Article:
Kicking the stall

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Anonymous

I have a two year old filly who started kicking the stall walls whenever she sees me at dinner time or breakfast. she does not kick unless it is time to eat...she also kicks at turn out time. She kicks hard enough to crack 2x8's. I know she is being a total &@$&#@* ... brat. but any suggestion on how to get her to stop. She's a nice horse to handle and a pretty sweet horse to have. It's just if she see we have a treat, food or turn out she throws a fit! I've tried a kick chain she breaks it in a couple of days. has any tried kick boots?

Thanks, Alan

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A

Anonymous

She needs some specialized training. She has "conditioned/trained" YOU to feed her when she acts up. When she displays this behavior, consider ignoring her (non-reinforcement of unacceptable behavior); and, then, when she is behaving properly even for a few seconds, or minutes, give some of the feed. Continue with this procedure. SHE should be the target of the training, not you. My suspicion is that she has been accidentally "trained" to kick the stall when you feed her. Food is a powerful reinforcer. Food offered promptly after a mis-behavior reinforces the mis-behavior. Need a "time-delay" between mis-behavior and the onset of "acceptable" behavior. I have a training pamphlet addressing positive reinforcement training issues with any type of animal. E-mail me for more info.

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OP
A

Anonymous

> She needs some specialized
> training. She has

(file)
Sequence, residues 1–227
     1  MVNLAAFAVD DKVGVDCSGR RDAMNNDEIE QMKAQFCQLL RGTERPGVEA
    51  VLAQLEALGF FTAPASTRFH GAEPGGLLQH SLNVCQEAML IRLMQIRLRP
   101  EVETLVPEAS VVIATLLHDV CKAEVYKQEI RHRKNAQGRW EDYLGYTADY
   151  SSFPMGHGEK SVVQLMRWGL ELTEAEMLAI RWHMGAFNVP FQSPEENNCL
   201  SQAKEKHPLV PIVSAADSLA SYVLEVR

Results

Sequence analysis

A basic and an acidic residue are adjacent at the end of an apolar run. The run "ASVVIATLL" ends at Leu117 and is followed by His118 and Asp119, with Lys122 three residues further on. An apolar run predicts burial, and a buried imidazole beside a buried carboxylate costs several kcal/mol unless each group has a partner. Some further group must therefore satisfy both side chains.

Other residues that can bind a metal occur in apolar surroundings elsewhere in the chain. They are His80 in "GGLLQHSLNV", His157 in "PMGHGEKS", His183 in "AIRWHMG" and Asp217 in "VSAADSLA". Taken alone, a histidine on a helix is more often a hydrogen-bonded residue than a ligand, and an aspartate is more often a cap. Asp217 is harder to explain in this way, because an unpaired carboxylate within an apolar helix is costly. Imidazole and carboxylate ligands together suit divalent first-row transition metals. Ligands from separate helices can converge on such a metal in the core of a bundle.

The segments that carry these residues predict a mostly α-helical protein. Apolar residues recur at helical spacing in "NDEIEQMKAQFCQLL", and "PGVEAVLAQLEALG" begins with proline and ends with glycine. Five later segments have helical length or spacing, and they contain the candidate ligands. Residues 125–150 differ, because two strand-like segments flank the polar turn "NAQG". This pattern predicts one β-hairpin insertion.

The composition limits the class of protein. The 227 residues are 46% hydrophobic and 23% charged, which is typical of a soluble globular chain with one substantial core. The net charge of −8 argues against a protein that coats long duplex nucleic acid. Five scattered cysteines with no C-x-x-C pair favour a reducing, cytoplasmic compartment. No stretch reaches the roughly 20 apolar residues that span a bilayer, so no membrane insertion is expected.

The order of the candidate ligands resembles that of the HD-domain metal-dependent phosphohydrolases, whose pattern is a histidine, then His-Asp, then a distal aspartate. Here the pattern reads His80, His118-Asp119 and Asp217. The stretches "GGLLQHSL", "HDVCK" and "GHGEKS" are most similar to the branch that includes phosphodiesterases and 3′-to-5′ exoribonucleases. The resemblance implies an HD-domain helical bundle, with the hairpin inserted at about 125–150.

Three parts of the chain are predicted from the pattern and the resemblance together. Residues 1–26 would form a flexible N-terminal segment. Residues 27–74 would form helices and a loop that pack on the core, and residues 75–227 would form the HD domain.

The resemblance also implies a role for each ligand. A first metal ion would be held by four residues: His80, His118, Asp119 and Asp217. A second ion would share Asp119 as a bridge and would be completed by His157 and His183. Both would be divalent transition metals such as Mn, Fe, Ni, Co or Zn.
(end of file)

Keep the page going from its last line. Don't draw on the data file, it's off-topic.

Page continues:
> "conditioned/trained"
> YOU to feed her when she acts up.
> When she displays this behavior,
> consider ignoring her
> (non-reinforcement of unacceptable
> behavior); and, then, when she is
> behaving properly even for a few
> seconds, or minutes, give some of
> the feed. Continue with this
> procedure. SHE should be the
> target of the training, not you.
> My suspicion is that she has been
> accidentally "trained"
> to kick the stall when you feed
> her. Food is a powerful
> reinforcer. Food offered promptly
> after a mis-behavior reinforces
> the mis-behavior. Need a
> "time-delay" between
> mis-behavior and the onset of
> "acceptable" behavior. I
> have a training pamphlet
> addressing positive reinforcement
> training issues with any type of
> animal. E-mail me for more info. Good idea Bill, another thought is how much exercise/work the filly gets, some animals need more exercise than others just because of energy levels. Try getting her out for her exercise sessions and making her work, even if it is just on a longe line, it sounds to me like she is just bored and since she can't speak our language she uses what she can to get your attention. Take her out at least twice a day and work her until she has a decent sweat going, not lathered up though or she may sour on that tack. If at all possible, try for 3 or even 4 times a day until she settles down.Beth

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